Emergency rooms in Denver, Colorado reported a surge in visits related to synthetic marijuana in the late summer and early fall, according to the Los Angeles Times.
Experts say similar patterns may emerge in other parts of the country.
Between August 24 and September 19, area emergency rooms saw 263 patients, mostly young men, with symptoms related to synthetic marijuana. Most patients were treated in the emergency room, but seven were admitted to intensive care units.
In a letter in this week's New England Journal of Medicine, Dr. Andrew A. Monte of the University of Colorado School of Medicine writes synthetic marijuana appears to be growing more potent. "Although the effects of exposures to first-generation synthetic cannabinoids are largely benign, newer products have been associated with seizures, ischemic stroke and cardiac toxicity, possibly due to potency," he wrote.
Synthetic marijuana is sold under names including K2, Spice and Black Mamba. It is made with dried herbs and spices that are sprayed with chemicals that induce a marijuana-type high when smoked, the article notes. The products are widely available, despite laws prohibiting them.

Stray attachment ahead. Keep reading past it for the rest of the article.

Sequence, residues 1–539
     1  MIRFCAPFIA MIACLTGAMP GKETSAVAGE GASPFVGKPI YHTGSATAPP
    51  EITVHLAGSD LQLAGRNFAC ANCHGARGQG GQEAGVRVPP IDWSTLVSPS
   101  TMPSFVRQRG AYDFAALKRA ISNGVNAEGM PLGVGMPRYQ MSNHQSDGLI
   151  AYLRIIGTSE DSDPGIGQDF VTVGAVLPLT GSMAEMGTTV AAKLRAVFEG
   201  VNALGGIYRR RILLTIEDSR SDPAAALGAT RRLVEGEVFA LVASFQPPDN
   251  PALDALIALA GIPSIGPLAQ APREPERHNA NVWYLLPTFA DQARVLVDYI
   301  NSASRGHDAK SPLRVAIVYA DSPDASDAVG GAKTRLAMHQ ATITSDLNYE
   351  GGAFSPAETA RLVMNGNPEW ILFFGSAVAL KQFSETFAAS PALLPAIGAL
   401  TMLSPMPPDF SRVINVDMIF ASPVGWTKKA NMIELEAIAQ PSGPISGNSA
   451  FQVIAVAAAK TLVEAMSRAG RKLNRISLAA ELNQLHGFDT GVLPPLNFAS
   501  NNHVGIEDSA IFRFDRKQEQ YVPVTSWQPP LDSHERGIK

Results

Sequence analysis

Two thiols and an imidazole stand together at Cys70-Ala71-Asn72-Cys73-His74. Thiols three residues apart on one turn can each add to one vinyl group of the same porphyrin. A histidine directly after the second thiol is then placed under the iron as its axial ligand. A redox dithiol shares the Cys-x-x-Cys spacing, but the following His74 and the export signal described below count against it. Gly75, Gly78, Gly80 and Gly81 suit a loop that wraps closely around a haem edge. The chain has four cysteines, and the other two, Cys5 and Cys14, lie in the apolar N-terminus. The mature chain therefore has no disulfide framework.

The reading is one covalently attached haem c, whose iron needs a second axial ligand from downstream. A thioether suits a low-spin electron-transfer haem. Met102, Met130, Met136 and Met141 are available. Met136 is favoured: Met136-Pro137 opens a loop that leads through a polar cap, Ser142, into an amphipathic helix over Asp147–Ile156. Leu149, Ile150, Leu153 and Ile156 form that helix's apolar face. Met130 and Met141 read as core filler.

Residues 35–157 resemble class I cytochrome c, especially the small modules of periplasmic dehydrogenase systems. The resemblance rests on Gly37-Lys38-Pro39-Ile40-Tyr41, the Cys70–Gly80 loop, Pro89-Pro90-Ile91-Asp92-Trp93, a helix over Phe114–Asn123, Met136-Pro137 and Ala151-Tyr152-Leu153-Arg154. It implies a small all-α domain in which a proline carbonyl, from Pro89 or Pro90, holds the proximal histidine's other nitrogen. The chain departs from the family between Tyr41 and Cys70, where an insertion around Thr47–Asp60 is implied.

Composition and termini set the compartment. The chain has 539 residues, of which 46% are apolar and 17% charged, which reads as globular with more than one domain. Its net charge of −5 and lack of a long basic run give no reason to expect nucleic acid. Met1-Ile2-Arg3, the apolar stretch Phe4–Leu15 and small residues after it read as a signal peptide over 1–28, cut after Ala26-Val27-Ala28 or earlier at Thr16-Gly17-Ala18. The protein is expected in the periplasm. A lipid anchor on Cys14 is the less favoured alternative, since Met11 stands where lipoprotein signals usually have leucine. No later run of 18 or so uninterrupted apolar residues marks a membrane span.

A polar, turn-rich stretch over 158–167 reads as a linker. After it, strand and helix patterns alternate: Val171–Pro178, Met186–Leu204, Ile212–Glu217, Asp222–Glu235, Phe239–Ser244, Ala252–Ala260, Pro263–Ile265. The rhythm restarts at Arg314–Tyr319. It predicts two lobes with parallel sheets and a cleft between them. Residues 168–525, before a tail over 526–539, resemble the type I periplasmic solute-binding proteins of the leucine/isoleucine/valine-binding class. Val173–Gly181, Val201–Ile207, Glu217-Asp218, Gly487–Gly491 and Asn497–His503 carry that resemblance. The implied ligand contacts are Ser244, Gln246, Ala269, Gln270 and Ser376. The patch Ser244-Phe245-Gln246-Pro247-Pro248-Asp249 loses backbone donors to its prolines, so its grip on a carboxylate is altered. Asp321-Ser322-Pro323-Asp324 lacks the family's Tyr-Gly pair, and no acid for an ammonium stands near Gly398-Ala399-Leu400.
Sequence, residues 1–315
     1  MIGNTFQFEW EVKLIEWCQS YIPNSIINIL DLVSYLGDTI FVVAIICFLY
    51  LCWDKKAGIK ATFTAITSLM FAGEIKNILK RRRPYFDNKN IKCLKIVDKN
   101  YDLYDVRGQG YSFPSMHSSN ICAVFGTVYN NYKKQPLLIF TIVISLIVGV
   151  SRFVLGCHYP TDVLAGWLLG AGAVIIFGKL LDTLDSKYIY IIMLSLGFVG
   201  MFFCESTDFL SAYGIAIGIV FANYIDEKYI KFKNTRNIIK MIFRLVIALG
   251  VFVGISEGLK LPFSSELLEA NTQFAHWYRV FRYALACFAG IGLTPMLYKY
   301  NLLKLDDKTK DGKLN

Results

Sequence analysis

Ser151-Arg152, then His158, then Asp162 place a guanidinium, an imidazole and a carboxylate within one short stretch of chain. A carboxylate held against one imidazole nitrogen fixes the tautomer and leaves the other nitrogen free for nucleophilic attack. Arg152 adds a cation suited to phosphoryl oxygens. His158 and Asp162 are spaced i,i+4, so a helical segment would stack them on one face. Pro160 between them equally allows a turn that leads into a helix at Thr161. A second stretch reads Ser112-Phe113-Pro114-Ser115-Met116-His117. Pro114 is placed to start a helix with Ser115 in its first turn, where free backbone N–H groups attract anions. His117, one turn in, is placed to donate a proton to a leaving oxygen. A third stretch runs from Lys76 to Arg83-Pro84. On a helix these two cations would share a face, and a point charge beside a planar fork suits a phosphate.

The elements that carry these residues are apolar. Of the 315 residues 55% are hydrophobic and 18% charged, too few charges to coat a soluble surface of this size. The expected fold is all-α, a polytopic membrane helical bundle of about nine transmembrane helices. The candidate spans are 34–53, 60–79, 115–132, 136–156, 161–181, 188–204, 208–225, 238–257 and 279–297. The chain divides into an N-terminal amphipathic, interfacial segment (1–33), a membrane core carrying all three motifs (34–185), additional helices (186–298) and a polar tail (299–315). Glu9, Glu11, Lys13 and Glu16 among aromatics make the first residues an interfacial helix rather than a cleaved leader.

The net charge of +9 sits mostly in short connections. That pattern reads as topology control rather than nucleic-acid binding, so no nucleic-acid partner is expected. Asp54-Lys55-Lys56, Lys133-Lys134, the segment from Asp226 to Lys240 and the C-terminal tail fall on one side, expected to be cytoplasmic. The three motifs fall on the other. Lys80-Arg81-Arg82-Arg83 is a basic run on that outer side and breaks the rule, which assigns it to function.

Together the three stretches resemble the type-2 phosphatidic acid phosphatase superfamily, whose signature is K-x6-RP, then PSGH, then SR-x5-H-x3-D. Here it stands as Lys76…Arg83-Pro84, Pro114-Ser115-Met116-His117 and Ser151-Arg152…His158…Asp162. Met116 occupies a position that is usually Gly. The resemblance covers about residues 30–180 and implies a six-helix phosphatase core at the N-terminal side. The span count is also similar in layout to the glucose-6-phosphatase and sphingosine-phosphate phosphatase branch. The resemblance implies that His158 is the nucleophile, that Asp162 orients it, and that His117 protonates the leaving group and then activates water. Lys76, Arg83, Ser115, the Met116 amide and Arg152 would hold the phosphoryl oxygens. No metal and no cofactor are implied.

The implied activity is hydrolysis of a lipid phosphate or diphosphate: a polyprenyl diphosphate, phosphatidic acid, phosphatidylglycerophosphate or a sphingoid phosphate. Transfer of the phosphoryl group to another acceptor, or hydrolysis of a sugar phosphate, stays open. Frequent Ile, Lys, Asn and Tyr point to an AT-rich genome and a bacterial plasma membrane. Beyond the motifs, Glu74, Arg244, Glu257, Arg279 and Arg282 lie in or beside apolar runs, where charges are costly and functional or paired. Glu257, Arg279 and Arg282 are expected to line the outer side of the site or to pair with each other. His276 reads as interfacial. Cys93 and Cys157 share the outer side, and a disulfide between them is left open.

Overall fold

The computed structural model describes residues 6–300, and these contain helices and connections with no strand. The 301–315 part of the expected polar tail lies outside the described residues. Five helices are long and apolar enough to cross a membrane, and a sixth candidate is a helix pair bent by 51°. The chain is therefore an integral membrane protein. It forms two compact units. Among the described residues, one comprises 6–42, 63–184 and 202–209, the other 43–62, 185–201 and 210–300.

"These substances are not benign," Monte said. "You can buy designer drugs of abuse at convenience stores and on the Internet. People may not realize how dangerous these drugs can be — up to 1,000 times stronger binding to cannabis receptors when compared to traditional marijuana."
In September, the Colorado Department of Public Health and the Centers for Disease Control and Prevention announced they were investigating whether three deaths and 75 hospitalizations were caused by synthetic marijuana.
Short-term effects of using synthetic marijuana include loss of control, lack of pain response, increased agitation, pale skin, seizures, vomiting, profuse sweating, uncontrolled/spastic body movements, elevated blood pressure, heart rate and palpitations.